Avoid These Common Mistakes After Applying for a Mortgage

If you’re getting ready to buy a home, jumping a few steps ahead and thinking about moving in and making it your own is exciting. But before you get too far down the emotional path, there are some key things to remember after you apply for your mortgage and close.

Here’s a list of things to remember when applying for a home loan.

Don’t Deposit Large Sums of Cash

Lenders need to source your money, and cash isn’t easily traceable. Before depositing cash into your accounts, discuss with your loan officer how to document your transactions properly.

Don’t Make Any Large Purchases

It’s not just home-related purchases that could disqualify you from your loan.

Any large purchases can be red flags for lenders. People with new debt have higher debt-to-income ratios (how much debt you have compared to your monthly income).

Since higher ratios make for riskier loans, borrowers may no longer qualify for their mortgage. Resist the temptation to make large purchases, even furniture or appliances.

Don’t Cosign Loans for Anyone

When you cosign for a loan, you’re making yourself accountable for that loan’s success and repayment. With that obligation comes higher debt-to-income ratios as well.

Even if you promise you won’t be the one making the payments, your lender will have to count them against you.

Don’t Switch Bank Accounts

Lenders need to source and track your assets.

That task is much easier when there’s consistency among your accounts. Before you transfer any money, speak with your loan officer.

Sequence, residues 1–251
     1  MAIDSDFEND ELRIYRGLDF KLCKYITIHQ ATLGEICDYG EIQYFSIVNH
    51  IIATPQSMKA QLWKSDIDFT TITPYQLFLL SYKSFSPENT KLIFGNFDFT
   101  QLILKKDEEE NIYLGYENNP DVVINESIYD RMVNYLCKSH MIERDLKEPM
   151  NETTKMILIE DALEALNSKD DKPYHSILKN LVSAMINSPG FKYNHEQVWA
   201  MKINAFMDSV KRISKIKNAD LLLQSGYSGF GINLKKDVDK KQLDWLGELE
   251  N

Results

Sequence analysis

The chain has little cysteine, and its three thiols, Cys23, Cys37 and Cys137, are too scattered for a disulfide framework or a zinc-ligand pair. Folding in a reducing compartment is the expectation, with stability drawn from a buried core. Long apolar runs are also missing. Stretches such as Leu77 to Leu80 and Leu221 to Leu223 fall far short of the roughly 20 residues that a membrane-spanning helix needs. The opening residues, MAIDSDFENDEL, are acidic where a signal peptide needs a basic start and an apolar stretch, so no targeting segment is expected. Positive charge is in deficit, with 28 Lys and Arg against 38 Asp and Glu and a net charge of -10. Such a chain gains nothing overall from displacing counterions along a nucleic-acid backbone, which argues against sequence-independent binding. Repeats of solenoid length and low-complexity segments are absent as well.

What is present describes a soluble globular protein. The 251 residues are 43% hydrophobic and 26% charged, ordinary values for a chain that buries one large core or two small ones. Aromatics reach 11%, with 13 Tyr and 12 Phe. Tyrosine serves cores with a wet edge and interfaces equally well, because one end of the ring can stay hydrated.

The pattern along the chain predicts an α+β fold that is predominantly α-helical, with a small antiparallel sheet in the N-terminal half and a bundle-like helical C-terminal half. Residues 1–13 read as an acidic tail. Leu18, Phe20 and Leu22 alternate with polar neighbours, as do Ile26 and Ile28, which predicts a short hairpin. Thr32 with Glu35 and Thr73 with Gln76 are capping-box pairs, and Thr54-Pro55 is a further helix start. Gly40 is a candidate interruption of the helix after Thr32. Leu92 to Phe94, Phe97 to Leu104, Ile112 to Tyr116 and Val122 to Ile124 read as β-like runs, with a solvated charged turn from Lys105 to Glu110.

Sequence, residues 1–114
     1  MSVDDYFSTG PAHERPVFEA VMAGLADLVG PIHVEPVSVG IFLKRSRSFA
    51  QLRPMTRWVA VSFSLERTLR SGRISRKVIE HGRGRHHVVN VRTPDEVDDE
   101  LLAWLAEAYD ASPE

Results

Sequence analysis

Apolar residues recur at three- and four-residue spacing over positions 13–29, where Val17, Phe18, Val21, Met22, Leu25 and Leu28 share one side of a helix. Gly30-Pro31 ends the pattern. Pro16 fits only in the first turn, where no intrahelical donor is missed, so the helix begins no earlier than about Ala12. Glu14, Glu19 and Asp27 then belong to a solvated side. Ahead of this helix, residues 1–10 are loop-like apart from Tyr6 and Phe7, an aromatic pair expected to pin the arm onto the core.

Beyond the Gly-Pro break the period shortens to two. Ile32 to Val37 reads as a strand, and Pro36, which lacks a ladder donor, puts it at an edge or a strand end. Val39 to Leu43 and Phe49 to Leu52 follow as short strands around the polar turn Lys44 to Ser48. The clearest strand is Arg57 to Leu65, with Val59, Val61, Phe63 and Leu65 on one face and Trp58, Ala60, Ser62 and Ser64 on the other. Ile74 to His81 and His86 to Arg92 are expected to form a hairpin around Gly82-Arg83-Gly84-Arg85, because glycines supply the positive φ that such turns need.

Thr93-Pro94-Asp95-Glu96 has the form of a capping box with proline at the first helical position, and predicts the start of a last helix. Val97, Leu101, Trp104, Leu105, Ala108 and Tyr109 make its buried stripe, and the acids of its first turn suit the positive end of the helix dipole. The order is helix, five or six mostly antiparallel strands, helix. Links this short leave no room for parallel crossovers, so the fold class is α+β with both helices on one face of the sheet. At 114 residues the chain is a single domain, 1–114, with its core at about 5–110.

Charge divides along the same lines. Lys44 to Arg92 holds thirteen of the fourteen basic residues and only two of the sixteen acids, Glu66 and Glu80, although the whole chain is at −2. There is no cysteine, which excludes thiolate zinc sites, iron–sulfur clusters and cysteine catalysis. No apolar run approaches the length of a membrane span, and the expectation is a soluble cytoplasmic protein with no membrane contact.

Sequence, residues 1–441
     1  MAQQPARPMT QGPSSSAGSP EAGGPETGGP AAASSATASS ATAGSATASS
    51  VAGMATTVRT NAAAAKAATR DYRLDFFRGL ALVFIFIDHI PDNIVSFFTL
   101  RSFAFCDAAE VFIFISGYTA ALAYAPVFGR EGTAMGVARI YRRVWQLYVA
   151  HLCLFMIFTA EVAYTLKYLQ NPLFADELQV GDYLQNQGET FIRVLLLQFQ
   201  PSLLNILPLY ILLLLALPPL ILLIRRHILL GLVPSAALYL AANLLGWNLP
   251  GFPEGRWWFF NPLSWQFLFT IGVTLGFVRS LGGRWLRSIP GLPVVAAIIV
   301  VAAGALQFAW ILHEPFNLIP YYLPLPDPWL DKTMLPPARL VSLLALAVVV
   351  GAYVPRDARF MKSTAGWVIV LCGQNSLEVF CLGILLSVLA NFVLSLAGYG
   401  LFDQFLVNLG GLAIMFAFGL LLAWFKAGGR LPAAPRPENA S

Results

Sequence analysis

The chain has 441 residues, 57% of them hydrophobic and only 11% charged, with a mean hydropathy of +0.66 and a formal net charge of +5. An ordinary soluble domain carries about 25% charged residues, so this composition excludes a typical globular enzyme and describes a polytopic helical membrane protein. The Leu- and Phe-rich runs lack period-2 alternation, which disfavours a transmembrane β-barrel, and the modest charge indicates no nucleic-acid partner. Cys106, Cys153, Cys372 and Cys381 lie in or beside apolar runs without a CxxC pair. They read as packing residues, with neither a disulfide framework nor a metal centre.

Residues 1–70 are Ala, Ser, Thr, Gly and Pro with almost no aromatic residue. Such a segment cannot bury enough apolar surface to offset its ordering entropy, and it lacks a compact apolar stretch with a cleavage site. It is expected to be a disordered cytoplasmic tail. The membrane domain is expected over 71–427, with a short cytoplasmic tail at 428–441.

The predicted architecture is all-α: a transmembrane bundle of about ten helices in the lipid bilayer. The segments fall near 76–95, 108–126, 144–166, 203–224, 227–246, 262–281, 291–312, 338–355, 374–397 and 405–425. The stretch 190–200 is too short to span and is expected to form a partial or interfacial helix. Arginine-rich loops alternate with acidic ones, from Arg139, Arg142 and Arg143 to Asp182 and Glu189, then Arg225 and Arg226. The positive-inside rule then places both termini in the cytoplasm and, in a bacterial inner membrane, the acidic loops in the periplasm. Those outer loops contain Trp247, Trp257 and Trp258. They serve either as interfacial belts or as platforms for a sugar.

Don’t Apply for New Credit

It doesn’t matter whether it’s a new credit card or a new car. Organizations running your credit report in multiple financial channels (mortgage, credit card, auto, etc.) will impact your FICO® score. Lower credit scores can determine your interest rate and possibly even your eligibility for approval.

Don’t Close Any Accounts

Many buyers believe having less available credit makes them less risky and more likely to be approved. This isn’t true. A major component of your score is your length and depth of credit history (as opposed to just your payment history) and your total credit usage as a percentage of available credit.

Closing accounts hurts both of those parts of your score.

Do Discuss Changes with Your Lender

Be upfront about any changes that occur, or you’re expecting to occur when talking with your lender. Blips in income, assets, or credit should be reviewed and executed to ensure your home loan can still be approved. If your job or employment status has changed recently, share that with your lender.

Ultimately, it’s best to fully disclose and discuss your intentions with your loan officer before you do anything financial.

Bottom Line

You want your home purchase to go as smoothly as possible. Remember, before you make any large purchases, move your money around, or make major life changes, consult your lender – someone qualified to explain how your financial decisions may impact your home loan.